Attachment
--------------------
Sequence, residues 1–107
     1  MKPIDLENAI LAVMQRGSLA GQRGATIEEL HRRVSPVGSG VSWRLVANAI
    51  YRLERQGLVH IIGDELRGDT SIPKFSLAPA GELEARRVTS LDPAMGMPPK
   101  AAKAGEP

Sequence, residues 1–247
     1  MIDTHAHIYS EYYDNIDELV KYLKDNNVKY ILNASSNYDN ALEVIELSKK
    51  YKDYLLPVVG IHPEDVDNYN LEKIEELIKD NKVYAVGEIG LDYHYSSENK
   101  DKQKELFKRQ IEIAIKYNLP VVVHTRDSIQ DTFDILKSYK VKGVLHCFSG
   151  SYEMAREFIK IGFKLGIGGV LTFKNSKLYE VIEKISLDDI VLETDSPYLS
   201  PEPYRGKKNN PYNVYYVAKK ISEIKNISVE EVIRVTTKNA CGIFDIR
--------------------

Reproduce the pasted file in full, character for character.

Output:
Sequence, residues 1–107
     1  MKPIDLENAI LAVMQRGSLA GQRGATIEEL HRRVSPVGSG VSWRLVANAI
    51  YRLERQGLVH IIGDELRGDT SIPKFSLAPA GELEARRVTS LDPAMGMPPK
   101  AAKAGEP

Sequence, residues 1–247
     1  MIDTHAHIYS EYYDNIDELV KYLKDNNVKY ILNASSNYDN ALEVIELSKK
    51  YKDYLLPVVG IHPEDVDNYN LEKIEELIKD NKVYAVGEIG LDYHYSSENK
   101  DKQKELFKRQ IEIAIKYNLP VVVHTRDSIQ DTFDILKSYK VKGVLHCFSG
   151  SYEMAREFIK IGFKLGIGGV LTFKNSKLYE VIEKISLDDI VLETDSPYLS
   201  PEPYRGKKNN PYNVYYVAKK ISEIKNISVE EVIRVTTKNA CGIFDIR